Banks come in various shapes and sizes, as do the stocks that represent them. One of the better performing bank stocks since the 2008 financial crisis is a relatively small bank that limits most of its operations to a handful of Midwestern states. Despite this limited operational area, Huntington Bancshares (NAS: HBAN) has managed to outperform many of its larger competitors, and this article will outline three reasons why I think this small bank from Ohio may deserve a spot in your portfolio.
While past performance is not an indicator of future success, Huntington Bank has recovered from the financial crisis that wreaked havoc on the market in 2008. Huntington spent much of 2011 recovering from this damage, and this recovery has continued throughout this year, with earnings up 21% during its most recent quarter. This earnings performance was driven primarily by an increase in noninterest income and a decrease in nonperforming assets, showing that it truly is the banking business performance that is driving its resurgence.
Though substantially down from its pre-crisis highs, it has recovered nearly 400% from lows reached in March 2009 after the dust had settled on the financial meltdown. Two banks of similar size, New York Community Bancorp (NYS: NYB) and Comerica (NYS: CMA) , also recovered nicely -- up 76% and 106%, respectively -- but their performance pales in comparison to Huntington's. The performance of New York Community was probably driven more by its 8% dividend yield than by anything else, while Comerica's recent surge could be due to the Federal Reserve granting approval for a dividend increase and substantial share repurchase.
One reason Huntington has performed so well recently is its relatively generous dividend. While it is possible to find higher yields even within the financial sector, the most promising thing about its dividend is its potential for growth. During the past year, Huntington has returned only 26% of earnings to shareholders in the form of dividends, giving it plenty of room to grow over the next few years. And while its current yield of 2.5% may look paltry when compared to the 8.1% yield of New York Community Bank, it is much larger than both Citigroup and Bank of America, though the Federal Reserve has justifiably prohibited these large banks from raising their dividends because of capital requirements.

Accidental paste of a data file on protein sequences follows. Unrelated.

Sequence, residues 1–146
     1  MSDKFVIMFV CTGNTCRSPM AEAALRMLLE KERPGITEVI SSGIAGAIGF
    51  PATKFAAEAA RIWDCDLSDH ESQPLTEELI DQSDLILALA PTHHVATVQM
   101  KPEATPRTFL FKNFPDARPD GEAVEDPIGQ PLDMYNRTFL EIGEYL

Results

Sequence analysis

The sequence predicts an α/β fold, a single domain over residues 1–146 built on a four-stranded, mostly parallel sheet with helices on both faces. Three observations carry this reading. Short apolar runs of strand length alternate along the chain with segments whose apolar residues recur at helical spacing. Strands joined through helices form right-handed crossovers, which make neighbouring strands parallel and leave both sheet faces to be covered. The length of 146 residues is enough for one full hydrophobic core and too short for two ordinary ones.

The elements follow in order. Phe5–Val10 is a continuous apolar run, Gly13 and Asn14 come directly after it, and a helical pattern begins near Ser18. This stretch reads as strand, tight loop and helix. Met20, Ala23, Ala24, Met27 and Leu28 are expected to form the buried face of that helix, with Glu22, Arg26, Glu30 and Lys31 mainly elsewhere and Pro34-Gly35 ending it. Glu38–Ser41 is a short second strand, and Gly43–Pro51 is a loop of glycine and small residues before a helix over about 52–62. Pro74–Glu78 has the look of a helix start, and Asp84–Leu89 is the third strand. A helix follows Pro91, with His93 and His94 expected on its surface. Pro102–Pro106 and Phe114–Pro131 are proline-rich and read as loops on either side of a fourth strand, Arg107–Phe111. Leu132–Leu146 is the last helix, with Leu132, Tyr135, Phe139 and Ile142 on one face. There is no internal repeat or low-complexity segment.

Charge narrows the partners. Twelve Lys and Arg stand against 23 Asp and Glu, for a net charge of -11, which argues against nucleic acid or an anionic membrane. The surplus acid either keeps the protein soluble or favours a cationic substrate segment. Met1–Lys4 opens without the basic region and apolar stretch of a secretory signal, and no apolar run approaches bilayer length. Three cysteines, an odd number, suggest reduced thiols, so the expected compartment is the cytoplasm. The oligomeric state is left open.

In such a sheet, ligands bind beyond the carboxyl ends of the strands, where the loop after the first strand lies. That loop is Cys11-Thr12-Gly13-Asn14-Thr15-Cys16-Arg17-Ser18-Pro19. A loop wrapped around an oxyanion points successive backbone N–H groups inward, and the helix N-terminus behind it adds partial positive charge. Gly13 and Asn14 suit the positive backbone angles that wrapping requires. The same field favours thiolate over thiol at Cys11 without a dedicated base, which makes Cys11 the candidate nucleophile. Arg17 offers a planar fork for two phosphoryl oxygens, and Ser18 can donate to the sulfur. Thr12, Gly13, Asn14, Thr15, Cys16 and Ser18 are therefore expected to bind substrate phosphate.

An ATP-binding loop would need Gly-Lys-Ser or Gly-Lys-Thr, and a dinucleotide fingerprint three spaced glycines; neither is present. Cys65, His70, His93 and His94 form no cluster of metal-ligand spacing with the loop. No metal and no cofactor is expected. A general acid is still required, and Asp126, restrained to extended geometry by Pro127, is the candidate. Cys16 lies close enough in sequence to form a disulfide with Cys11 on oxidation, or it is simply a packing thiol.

3. Limited operations
As a regional bank, Huntington limits itself to operations in the Midwest, operating 660 branches in Ohio, Michigan, western Pennsylvania, Indiana, West Virginia, and Kentucky. By limiting itself, it may miss out on some potential profits, but it also limits its exposure to some of the things that have led larger banks astray. You won't see many European bonds buried on its balance sheet, and the company is truly focused on the region in which it resides. In an effort to boost the flagging economies of the states in its region, it has committed $4 billion to the state of Ohio over the past three years to help small businesses, as well as an additional $2 billion in the state of Michigan.
Should you buy?
The three reasons outlined here are among the reasons why I have been keeping my eye on Huntington Bank over the past nine months or so. Within the banking industry, there are a lot of options, but I think Huntington Bank would be a great addition to any portfolio looking to gain from the continuing recovery of the banking industry. Click here to add it to your watchlist to keep an eye on any developments. If you are looking for another possible bank, look no further than our free report "The Stocks Only the Smartest Investors Are Buying." This report profiles another regional bank that has the attention of Warren Buffett and other super investors like him. Get your free copy while it's still available.
The article 3 Reasons to Buy Huntington Bancshares originally appeared on Fool.com.
Fool contributor Robert Eberhard holds no position in any company mentioned. Follow him on Twitter, or click here to see his holdings and a short bio. The Motley Fool owns shares of Citigroup, Huntington Bancshares, and Bank of America. The Motley Fool has a disclosure policy. We Fools may not all hold the same opinions, but we all believe that considering a diverse range of insights makes us better investors. Try any of our Foolish newsletter services free for 30 days.
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